Kickspace heater wiring


  #1  
Old 01-15-09, 04:45 AM
R
RK2
RK2 is offline
Member
Thread Starter
Join Date: Apr 2007
Location: USA
Posts: 46
Upvotes: 0
Received 0 Upvotes on 0 Posts
Kickspace heater wiring

Simple question for which I couldn't find the answer:

Can the fan in the kickspace be wired into the boiler circuit, and if so, should I wire it before or after the emergency cut-off switch?

Since the kickspace is often a ways away from the boiler I assume people usually wire them into different circuits, but since I in this case can wire everything on one circuit, am I allowed to?

Would you generally wire a switch into the circuit so that you can individually power down the heaters, or is that considered overkill?

Thanks
 
  #2  
Old 01-15-09, 05:02 AM
S
Member
Join Date: Sep 2008
Location: Long Island
Posts: 695
Upvotes: 0
Received 0 Upvotes on 0 Posts
another option instead of doing it thru the electric from the boiler to control it ,you can sense the inlet pipe with a temperature control that will OK the fan to run when it feels the boiler water entering.then install a line stat(on the wall) to break the fan when it satisfies...thus the fan is your controlling temperature control and when the stat isn't calling the fan in....and the boiler is running it will just be a stagnant heating coil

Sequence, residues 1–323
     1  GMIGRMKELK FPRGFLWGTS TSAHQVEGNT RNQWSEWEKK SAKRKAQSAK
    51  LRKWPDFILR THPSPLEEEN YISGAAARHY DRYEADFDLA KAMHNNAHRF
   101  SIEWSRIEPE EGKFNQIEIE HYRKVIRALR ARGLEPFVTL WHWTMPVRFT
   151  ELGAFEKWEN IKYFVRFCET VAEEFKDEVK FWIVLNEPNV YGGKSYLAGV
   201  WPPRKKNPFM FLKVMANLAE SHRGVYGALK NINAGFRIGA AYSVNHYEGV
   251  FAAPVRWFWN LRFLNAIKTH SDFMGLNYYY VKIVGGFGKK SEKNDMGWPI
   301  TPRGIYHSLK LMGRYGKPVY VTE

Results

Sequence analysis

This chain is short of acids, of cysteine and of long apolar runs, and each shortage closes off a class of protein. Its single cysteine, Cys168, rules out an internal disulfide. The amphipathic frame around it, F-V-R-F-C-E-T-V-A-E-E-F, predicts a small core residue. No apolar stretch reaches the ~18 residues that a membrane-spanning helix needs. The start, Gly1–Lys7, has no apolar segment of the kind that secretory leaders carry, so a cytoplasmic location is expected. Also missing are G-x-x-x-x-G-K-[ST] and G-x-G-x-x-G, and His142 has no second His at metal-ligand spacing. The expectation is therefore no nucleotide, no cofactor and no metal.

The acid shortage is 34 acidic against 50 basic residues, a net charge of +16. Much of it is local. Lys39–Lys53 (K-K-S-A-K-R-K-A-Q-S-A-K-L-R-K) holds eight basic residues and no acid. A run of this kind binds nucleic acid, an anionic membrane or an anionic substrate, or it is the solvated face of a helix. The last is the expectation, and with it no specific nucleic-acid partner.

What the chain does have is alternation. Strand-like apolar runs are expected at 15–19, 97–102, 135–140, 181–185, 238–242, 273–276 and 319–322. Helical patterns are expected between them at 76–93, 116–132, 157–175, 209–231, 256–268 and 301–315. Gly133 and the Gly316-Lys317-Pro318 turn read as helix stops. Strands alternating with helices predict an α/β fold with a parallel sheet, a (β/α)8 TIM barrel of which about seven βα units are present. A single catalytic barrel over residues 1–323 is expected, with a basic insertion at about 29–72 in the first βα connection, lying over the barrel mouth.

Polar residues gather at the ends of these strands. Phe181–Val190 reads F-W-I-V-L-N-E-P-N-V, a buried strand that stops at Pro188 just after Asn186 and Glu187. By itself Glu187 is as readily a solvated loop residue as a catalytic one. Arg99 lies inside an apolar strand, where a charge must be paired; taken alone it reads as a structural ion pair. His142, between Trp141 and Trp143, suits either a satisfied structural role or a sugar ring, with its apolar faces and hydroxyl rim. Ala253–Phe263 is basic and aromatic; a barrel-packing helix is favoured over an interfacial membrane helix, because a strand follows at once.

#3  
Old 01-15-09, 06:05 PM
1
Member
Join Date: Jan 2009
Location: USA
Posts: 16
Upvotes: 0
Received 0 Upvotes on 0 Posts
Originally Posted by RK2
Simple question for which I couldn't find the answer:

Can the fan in the kickspace be wired into the boiler circuit, and if so, should I wire it before or after the emergency cut-off switch?

Since the kickspace is often a ways away from the boiler I assume people usually wire them into different circuits, but since I in this case can wire everything on one circuit, am I allowed to?

Would you generally wire a switch into the circuit so that you can individually power down the heaters, or is that considered overkill?

Thanks
Are you referring to a hydronic kickspace heater? The kind that you plumb into a hot-water heating zone and has a fan to force air over the coils?

If so, you simply provide 110 volts power for the device. There will be a thermostatic sensor mounted directly on the incoming side of the hot water coil which, when it senses hot water flowing through the coil causes the fan to come on and when the coil cools (because the zone is no longer active) the fan goes off.

The kickspace heaters we installed in a bathroom also had a small rocker switch which allowed setting the fan to off (regardless of water flowing through the coils), low, or high speed.
 
  #4  
Old 01-16-09, 04:29 AM
R
RK2
RK2 is offline
Member
Thread Starter
Join Date: Apr 2007
Location: USA
Posts: 46
Upvotes: 0
Received 0 Upvotes on 0 Posts
Yes, hydronic - I know it just takes a simple 110 circuit.

The question is whether it's allowable by code to wire it into the boiler circuit. I would prefer to do so,since then I can turn off everything heat-related with one switch, plus I'll be able to run it off a single generator circuit - one less breaker on the transfer panel 'wasted.'

R
 
 

Thread Tools
Search this Thread
 
Ask a Question
Question Title:
Description:
Your question will be posted in: